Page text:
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chuckles, Dancing Frog has a web site, and I found my old 5lb dogshead hammer but it would cost you an arm and a leg for it.

 

And for the record I have a 10lber on a regular hammer type handle that is my safe queen and its awkward even picking it up.

Edited by WmHorus
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Most striking hammers have shorter handles than a normal sledge. When you hold it, you hold it in front of you, raise straight up and come down in front of you. The shorter handle allows the end to be at your stomach without punching you in the stomach , or racking your nads. Alec I have seen use anywhere between 12 and 16#, though he is a talented striker. Also I just take a normal sledge and cut the handle down. No biggie.

 

Typical japanese sledges for this are between 12 and 25 pounds or so. They can get pretty big, and I have plans to make some in the future. The future being after I set a bigger power hammer. So maybe in a year or two, lol.

Edited by Daniel Cauble
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  • 3 months later...

I forged my own dogs head hammer a few months ago. It's a viking pattern square head not the round Japanese style blade makers head. At only a pound and a half it moves metal like a beast. I took a que from Glen on the handle design. I will say heavier isn't always better, technique and the right tool is key.

Edited by William Gray
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I use a normal sledge that you get from the hardware stores for striking but I feel that the handle is too long??

 

I've seen videos of Alec Steele using a "sledgehammer" and the handle looks considerably shorter.

 

So I thought I might as well try something different lol

 

Alec Steel is not a real big dude (no offense Alec). He's maybe not THAT little, but if you look at the way he swings the hammer, you're looking at some real early 20th century forging technique. He really accelerates that hammer at the end of the stroke in a really efficient way. That comes down to proper technique, not so much the weight of the hammer. At a certain point a hammer will be too heavy, and make the striker less efficient.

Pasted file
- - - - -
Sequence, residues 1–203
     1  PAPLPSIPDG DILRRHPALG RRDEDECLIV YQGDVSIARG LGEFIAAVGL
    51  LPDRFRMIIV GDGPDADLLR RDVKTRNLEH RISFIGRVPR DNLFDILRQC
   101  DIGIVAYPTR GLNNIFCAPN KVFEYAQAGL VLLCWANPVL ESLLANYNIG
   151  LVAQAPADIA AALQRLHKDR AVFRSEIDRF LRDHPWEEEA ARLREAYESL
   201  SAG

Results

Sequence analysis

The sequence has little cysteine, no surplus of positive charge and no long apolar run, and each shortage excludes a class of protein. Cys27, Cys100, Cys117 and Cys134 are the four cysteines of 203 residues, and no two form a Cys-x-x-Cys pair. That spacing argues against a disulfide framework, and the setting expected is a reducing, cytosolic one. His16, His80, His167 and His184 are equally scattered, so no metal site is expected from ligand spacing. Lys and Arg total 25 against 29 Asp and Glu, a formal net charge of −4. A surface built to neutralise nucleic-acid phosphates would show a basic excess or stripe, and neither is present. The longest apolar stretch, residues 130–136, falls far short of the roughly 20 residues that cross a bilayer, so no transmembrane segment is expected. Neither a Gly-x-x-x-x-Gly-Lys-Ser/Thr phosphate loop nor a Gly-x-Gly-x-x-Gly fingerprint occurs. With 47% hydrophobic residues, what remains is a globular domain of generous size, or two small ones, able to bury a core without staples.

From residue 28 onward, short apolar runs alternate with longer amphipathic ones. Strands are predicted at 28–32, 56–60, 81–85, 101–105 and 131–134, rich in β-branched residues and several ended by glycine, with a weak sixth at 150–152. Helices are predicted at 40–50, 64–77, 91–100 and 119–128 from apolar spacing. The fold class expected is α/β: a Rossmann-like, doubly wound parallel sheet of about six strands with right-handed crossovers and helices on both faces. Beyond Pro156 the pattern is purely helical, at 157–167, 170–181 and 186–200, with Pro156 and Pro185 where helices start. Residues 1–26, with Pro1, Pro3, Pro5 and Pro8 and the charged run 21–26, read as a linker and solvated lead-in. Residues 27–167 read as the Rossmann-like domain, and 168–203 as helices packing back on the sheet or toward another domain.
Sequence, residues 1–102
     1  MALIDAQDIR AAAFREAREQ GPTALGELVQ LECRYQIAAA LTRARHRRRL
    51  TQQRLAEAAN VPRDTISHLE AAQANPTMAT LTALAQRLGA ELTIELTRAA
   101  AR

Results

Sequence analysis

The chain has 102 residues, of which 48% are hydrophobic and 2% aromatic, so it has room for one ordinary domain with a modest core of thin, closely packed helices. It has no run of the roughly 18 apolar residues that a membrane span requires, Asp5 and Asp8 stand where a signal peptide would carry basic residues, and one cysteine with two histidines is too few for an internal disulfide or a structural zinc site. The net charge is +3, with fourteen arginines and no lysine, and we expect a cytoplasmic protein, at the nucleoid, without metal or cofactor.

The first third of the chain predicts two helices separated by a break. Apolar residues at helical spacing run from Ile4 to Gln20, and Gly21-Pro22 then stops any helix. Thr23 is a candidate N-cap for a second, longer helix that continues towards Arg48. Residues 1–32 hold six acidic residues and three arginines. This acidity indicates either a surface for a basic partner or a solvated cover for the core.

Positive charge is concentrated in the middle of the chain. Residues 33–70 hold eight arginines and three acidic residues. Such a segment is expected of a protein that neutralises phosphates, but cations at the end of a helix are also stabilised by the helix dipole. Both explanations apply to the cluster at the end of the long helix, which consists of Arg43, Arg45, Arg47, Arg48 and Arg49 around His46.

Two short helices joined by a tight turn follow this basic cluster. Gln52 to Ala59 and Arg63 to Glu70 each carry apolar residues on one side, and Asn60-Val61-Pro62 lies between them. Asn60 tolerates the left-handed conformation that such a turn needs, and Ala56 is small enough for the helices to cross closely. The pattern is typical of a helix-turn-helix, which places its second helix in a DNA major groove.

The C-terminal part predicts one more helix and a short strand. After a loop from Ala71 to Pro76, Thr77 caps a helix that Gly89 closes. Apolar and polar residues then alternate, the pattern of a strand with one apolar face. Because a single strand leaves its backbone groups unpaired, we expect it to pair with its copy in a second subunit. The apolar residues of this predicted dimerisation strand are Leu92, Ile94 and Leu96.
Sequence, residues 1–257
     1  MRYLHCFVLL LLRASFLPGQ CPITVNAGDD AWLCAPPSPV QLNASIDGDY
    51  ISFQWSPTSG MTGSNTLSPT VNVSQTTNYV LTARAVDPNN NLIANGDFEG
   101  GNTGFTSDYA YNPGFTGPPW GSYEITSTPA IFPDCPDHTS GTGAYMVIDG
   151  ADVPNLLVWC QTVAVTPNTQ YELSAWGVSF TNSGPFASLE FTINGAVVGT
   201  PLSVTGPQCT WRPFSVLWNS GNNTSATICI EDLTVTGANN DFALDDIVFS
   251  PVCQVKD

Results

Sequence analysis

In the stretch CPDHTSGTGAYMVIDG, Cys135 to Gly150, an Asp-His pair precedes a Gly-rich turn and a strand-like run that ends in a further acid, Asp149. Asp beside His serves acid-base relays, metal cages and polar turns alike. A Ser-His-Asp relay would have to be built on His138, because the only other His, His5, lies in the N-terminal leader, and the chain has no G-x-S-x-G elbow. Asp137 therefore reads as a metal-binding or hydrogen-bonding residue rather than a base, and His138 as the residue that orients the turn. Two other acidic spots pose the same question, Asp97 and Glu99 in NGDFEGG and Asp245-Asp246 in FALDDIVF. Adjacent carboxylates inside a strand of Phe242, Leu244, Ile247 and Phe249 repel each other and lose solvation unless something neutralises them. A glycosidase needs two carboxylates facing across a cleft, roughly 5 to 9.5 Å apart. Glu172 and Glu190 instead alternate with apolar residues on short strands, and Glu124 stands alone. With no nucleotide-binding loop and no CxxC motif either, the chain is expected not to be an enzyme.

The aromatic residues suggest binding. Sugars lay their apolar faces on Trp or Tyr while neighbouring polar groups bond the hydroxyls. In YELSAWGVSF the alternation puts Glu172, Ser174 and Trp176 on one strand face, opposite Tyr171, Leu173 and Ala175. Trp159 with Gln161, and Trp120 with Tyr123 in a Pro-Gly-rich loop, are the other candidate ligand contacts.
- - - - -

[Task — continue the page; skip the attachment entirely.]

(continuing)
I've tried making and using HUGE sledges with shorter handles. I just end up with a lot of pain in my tendons for the next week or so.

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I forged my own dogs head hammer a few months ago. It's a viking pattern square head not the round Japanese style blade makers head. At only a pound and a half it moves metal like a beast. I took a que from Glen on the handle design. I will say heavier isn't always better, technique and the right tool is key.

I did the same thing, actually, and it has become my favorite hammer (even though it's a tad cockeyed). Something about the balance and weight just works for me, and at 2.75 pounds I find it moves steel like my crappy 4 pounders, and I am able to be much tidier with it than with the five-pound monster that Brent Bailey made me (though I love that hammer and it will likely be a family heirloom).

 

Your comment about technique reminded me of an important discovery I made, though, that I thought might be relevant to the discussion: where on the anvil you are forging makes a huge difference in the efficiency of your strikes. For example, the only flat spot on my anvil is on the heel, so I do a lot of forging there, but I recently discovered that the hammer bounces almost twice as many times when dropped on the center of the anvil as it does when dropped on the heel. I tried carefully doing most of my rough forging closer to the center or front of the anvil, and it went almost twice as fast. It only took me three years to figure that out. :wacko: